A look back at the 2019 Henry Arnhold Dresden Summer School

How do museums and cultural institutions approach the truth in these socially polarised times? The was the question 17 young museum and culture specialists from Germany, Switzerland, Georgia, Togo, Lebanon and Italy sought to answer at the 7th Henry Arnhold Dresden Summer School. From 23 September to 2 October 2019, they discussed the topic with experts at TU Dresden, the Sächsische Staats- und Universitätsbibliothek (Saxon State and University Library, SLUB) Staatliche Kunstsammlungen Dresden (Dresden’s State Art Collections), the Militärhistorisches Museum (Museum of Military History) and the and Deutsches Hygiene-Museum (German Hygiene Museum).

On the opening evening in the Fürstengalerie (Gallery of Princes) in Dresden’s Residential Palace, Director of the Summer School Prof. Dr Hans Vorländer discussed claims to truth and the role of museums in polarised discourse with philosopher Prof. Dr Philipp Hübl, Director of the Klassik Stiftung Weimar, Dr Ulrike Lorenz, and Head of Kunsthaus Dresden, Christiane Mennicke-Schwarz. Ms Lorenz presented her concept for the Kunsthalle Mannheim art gallery of museums as free and public spaces that actively engage with society. This raised questions of legitimation, which were subsequently discussed. Christiane Mennicke-Schwarz mentioned examples of targeted interventions that have been implemented in Dresden’s urban landscape. What makes a museum a museum? On the first workshop day, exhibition expert Dr Joachim Baur and the participants considered museum definitions from around the world and the official definitions of the International Council of Museums (ICOM) through the years.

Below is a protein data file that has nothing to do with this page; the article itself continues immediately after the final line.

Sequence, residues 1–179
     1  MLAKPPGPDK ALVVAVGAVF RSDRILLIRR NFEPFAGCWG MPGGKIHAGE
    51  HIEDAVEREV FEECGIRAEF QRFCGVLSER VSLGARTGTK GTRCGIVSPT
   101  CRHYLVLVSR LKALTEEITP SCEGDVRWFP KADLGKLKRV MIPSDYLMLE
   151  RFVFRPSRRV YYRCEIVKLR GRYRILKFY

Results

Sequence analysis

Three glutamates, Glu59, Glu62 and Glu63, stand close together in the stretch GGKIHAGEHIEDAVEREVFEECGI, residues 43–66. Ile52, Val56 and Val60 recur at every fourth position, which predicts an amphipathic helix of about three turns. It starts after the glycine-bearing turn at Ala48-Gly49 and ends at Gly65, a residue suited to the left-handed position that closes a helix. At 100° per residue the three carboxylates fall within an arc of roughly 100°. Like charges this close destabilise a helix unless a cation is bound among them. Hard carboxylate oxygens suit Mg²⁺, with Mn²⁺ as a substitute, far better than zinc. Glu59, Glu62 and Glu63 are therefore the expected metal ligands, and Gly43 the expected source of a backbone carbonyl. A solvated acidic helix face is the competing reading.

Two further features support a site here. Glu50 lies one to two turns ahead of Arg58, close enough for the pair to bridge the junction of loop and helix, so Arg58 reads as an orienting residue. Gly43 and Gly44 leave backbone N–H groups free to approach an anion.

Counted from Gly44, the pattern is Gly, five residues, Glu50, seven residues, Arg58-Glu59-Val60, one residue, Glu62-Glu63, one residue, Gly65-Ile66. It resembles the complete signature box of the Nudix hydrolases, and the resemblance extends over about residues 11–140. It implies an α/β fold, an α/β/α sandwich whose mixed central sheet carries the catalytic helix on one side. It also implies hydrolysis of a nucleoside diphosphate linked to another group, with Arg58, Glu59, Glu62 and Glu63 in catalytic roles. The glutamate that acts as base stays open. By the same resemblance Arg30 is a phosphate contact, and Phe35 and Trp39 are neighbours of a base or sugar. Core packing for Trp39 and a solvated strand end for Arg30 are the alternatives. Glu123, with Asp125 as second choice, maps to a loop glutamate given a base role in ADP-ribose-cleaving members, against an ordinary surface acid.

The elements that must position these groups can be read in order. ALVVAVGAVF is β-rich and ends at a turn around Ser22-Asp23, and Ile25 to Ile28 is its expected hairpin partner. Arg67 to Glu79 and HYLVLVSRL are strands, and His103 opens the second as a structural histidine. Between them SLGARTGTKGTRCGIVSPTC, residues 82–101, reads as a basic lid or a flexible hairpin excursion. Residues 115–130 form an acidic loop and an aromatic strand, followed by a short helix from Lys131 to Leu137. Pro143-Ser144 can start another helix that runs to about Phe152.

Léontine Meijer-van Mensch, Director of Staatliche Ethnographische Sammlungen Sachsen (Saxon State Ethnographical Collections) spoke about the challenges and responsibility of ethnological museums in their approach to the origins of items in their collections. She illustrated this vividly using the exhibition of cult objects and objects believed to have powers, and the return of human remains taken in colonial situations. The well-attended public evening lecture by Prof. Dr Benédicté Savoy in the Albertinum museum also focused on approaches to museums’ colonial pasts. In a lecture entitled ‘Back to the future. On restitution of African cultural assets’, the French restitution expert presented facts on colonial artefacts in the collections of German museums and explained why we should forget and suppress the restitution debate that has already been argued 40 years ago: Most collections from Africa and Oceania came to museums during their 34 years as German colonies – taken under questionable conditions, for example by stealing jewellery from the bodies of those killed. Museums publicised the origin of the objects in catalogues until the 1970s. Later, when everyone around the world was talking about restitution, museums in Germany stopped making their catalogues publicly available, in case the corresponding countries called for the objects to be returned. The term restitution/return was also to be replaced by the softer term ‘transfer’, to avoid emotionality and prevent legal action, as revealed by an internal guideline Savoy found during her archive research. “Even museums don’t always tell the truth,” reported the researcher - for example, even when responding to political inquiries on whether cultural assets were acquired legally, museums didn’t tell the whole truth about the colonial circumstances under which they were sourced.